The impact of stigma on TB-related care was well highlighted in the results of this study and confirmed the findings of several studies [47,48,49]. As noted by an official, the problem however is the difficulty in measuring this construct accurately to know the extent to which stigma on TB-related care is a barrier.
The study of key informants’ perceptions revealed inadvertently that there was no consideration of lost revenues as a relevant upstream pathway that contributed to the chronic underfunding of TB services. Illicit financial flows (IFFs), the unrecorded movement of capital out of a country in contravention of the regulations of that country and various accounting practices, for example, have been noted as contributing to the weakening of the health systems of many African countries . This suggests that awareness of IFFs and their consequences is low among experts in the TB-OHS community. This absence indicates that further examination of this matter is warranted.
While this study offers significant contributions to the literature on perceptions by decision-makers and TB experts regarding the structural drivers of diseases, it is not without limitations. A major limitation is that, although data saturation was reached with the sample size of twenty KIs, this study could have benefitted from a more diverse group of KIs who would potentially offer other perspectives. Many of the KIs were recruited through networks of public health and occupational health researchers. This might have influenced the results in the sense that it is possible to assume a disproportionate occupational health bias in the findings. Future studies could include other stakeholders such as infection control practitioners, human resource managers, labour unions and representatives from joint health and safety committees of hospitals, as well as a more diverse array of clinical managers at various levels and from other government departments beyond health. Further research is needed to elucidate these other perspectives. Also, the reliance on perceptions speaks to a need and opportunity for clearer identification of constructs that could be more directly and systematically monitored.
It could be argued that the budgetary allocation specified was low, as structural issues related to social determinants of health are covered in strategic plans in other departments or related to other issues. Nonetheless, we argue that strategic plans to combat TB in high burden settings need to more directly consider such drivers to prompt the necessary changes and reduce the burden of this and other such diseases.
Despite some progress, TB mortality is still very high in South Africa. Strategies that focus solely on effective case management of TB have not yielded the desired results of reducing TB’s burden of disease in South Africa. While it is understandable that investment in newer treatment and technologies continues to receive attention as a way to respond to a disease that is present in epidemic proportions, it is somewhat disconcerting that the funding allotment to address macro-level drivers of TB remains neglected and disassociated with achieving specific strategic targets. Indeed, the healthcare system has been unable to control the epidemic through the medical treatment model alone. There appears to be a shift in direction per the current TB policy prescriptions as it appears to commit to addressing the structural drivers; however, the projected budgetary allocations towards addressing these specific drivers do not reflect this level of commitment. Thus, funding allocation and other tangible commitments need to be pursued especially in areas related to poverty reduction. Funding should also more broadly address the other macro-level issues identified in this study. The findings of this study further suggest the need to rethink current approaches and incorporate interventions that address upstream processes contributing to the persistence of this preventable and curable disease. These structural interventions should be implemented simultaneously with interventions that are committed to strengthening diagnosis and treatment of TB; these combined efforts will continue to reduce the burden of TB.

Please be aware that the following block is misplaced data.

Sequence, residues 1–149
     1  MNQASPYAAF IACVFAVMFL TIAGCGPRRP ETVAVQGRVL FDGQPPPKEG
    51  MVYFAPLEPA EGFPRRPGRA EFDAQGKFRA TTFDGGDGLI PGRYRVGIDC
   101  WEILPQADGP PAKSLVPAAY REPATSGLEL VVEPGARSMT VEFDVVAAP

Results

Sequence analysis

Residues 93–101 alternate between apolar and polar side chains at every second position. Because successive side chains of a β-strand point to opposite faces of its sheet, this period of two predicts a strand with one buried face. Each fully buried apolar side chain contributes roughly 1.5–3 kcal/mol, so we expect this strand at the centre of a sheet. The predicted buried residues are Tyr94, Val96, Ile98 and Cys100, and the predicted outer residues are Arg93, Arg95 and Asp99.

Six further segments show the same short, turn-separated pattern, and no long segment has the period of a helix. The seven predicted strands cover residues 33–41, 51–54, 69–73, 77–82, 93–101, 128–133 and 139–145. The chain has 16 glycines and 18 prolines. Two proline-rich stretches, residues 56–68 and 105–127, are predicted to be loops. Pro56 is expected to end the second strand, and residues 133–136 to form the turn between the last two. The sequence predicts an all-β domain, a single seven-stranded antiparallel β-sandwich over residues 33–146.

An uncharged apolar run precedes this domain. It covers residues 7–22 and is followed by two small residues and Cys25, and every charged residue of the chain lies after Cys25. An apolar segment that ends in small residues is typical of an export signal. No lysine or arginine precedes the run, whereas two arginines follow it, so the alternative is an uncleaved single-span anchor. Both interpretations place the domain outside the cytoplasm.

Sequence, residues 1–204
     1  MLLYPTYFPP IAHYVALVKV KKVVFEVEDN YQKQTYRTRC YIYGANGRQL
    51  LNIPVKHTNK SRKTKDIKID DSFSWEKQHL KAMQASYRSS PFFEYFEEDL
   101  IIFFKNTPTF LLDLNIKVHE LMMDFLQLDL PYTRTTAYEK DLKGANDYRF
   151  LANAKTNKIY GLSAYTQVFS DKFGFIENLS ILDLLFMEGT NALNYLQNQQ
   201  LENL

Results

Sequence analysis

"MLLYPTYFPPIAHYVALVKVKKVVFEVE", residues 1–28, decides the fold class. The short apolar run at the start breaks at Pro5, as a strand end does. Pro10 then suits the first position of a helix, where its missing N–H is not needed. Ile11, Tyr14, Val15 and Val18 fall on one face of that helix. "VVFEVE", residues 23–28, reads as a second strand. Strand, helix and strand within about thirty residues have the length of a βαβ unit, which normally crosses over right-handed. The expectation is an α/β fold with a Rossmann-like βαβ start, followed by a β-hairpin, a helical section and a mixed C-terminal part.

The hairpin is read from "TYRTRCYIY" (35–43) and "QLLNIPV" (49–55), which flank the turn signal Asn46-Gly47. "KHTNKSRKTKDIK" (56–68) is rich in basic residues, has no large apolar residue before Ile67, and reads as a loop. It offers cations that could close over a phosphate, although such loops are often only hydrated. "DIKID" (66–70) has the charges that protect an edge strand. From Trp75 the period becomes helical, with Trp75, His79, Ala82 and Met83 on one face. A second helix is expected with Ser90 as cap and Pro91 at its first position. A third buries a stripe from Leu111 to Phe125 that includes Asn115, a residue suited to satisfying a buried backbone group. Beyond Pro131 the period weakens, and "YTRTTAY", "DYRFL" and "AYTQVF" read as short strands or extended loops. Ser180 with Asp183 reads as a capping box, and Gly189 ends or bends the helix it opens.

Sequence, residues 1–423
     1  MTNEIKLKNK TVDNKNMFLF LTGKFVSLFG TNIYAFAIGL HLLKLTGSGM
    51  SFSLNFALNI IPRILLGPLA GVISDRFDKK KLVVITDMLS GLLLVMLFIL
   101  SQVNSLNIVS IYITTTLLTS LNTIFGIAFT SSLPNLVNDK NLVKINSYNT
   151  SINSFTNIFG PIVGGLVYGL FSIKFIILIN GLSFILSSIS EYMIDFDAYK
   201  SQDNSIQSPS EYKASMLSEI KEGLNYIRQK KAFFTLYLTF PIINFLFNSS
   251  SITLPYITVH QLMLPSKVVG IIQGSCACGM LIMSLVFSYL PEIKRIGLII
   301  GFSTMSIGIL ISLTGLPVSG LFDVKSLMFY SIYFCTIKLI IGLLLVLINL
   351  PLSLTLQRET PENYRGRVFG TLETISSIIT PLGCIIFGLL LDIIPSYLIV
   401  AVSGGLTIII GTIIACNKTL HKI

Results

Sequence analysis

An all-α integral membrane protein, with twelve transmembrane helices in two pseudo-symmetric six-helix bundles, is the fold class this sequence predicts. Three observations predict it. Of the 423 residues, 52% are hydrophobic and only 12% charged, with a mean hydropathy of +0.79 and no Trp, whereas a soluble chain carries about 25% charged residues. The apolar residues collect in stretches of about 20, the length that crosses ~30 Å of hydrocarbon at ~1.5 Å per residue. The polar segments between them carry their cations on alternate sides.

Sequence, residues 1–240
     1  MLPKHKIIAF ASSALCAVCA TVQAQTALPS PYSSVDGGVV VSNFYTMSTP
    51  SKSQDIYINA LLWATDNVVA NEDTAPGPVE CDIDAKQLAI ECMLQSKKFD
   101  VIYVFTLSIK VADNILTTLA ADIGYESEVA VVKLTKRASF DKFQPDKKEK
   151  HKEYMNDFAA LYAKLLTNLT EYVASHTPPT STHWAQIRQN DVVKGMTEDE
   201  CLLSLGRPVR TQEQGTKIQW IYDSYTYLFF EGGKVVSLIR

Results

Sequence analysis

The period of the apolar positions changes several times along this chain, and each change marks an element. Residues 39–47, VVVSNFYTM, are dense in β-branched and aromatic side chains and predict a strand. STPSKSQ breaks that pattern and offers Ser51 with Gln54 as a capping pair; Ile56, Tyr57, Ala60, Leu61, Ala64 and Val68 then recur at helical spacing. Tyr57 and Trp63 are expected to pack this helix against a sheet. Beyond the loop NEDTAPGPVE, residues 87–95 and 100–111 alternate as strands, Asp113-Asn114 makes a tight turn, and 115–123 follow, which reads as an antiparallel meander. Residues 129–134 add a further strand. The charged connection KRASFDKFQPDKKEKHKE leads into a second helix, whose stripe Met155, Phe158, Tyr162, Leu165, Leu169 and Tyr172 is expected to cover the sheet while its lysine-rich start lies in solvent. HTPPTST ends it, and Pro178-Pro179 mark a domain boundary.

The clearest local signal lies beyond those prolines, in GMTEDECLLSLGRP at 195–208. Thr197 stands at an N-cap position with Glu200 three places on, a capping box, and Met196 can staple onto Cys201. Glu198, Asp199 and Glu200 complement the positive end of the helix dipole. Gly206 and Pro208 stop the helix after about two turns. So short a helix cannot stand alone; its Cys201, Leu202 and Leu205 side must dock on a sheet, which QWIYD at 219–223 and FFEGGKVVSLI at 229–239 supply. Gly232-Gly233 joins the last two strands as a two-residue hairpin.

Availability of data and materials
The datasets used and analyzed during the current study are available from the corresponding author on reasonable request.
Extremely drug resistant
Health care workers
Human Immunodeficiency Virus
Illicit financial flow
National Strategic Plan
personal protective equipment
Sexually Transmitted Infections
World Health Organization
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The authors would like to express their greatest gratitude to the following people for their feedback on earlier drafts of this paper: Professor Rodney Ehrlich, Lisa Stallwood, Adrin Leak and Karen Lockhart.
This study was funded by the Canadian Institute of Health Research (CIHR) grant ROH-115212, “Promoting Health Equity by Addressing the Needs of Health Workers: A Collaborative, International Research Program.” The funder did not play any role in the design, analysis and writing of this manuscript.
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Ethics approval for the study was obtained from the Behavioural Review Ethics Board at the University of British Columbia in Vancouver, Canada (Certificate number H16–01330). Informed consent was obtained from all participants.
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Adu, P.A., Spiegel, J.M. & Yassi, A. Towards TB elimination: how are macro-level factors perceived and addressed in policy initiatives in a high burden country?. Global Health 17, 11 (2021). https://doi.org/10.1186/s12992-020-00657-1
- Structural determinants
- South Africa
- Health system